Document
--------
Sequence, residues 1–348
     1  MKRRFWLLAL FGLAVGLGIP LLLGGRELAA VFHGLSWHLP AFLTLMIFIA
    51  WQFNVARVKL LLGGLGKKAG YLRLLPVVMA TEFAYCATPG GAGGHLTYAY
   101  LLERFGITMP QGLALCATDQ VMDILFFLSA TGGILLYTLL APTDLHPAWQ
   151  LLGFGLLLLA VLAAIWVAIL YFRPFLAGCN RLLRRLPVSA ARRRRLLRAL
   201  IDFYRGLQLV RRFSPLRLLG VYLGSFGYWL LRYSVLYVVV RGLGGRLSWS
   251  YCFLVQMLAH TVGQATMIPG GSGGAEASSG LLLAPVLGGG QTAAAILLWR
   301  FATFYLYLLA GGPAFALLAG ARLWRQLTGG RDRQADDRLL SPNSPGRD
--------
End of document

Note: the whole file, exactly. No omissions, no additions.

Sequence, residues 1–348
     1  MKRRFWLLAL FGLAVGLGIP LLLGGRELAA VFHGLSWHLP AFLTLMIFIA
    51  WQFNVARVKL LLGGLGKKAG YLRLLPVVMA TEFAYCATPG GAGGHLTYAY
   101  LLERFGITMP QGLALCATDQ VMDILFFLSA TGGILLYTLL APTDLHPAWQ
   151  LLGFGLLLLA VLAAIWVAIL YFRPFLAGCN RLLRRLPVSA ARRRRLLRAL
   201  IDFYRGLQLV RRFSPLRLLG VYLGSFGYWL LRYSVLYVVV RGLGGRLSWS
   251  YCFLVQMLAH TVGQATMIPG GSGGAEASSG LLLAPVLGGG QTAAAILLWR
   301  FATFYLYLLA GGPAFALLAG ARLWRQLTGG RDRQADDRLL SPNSPGRD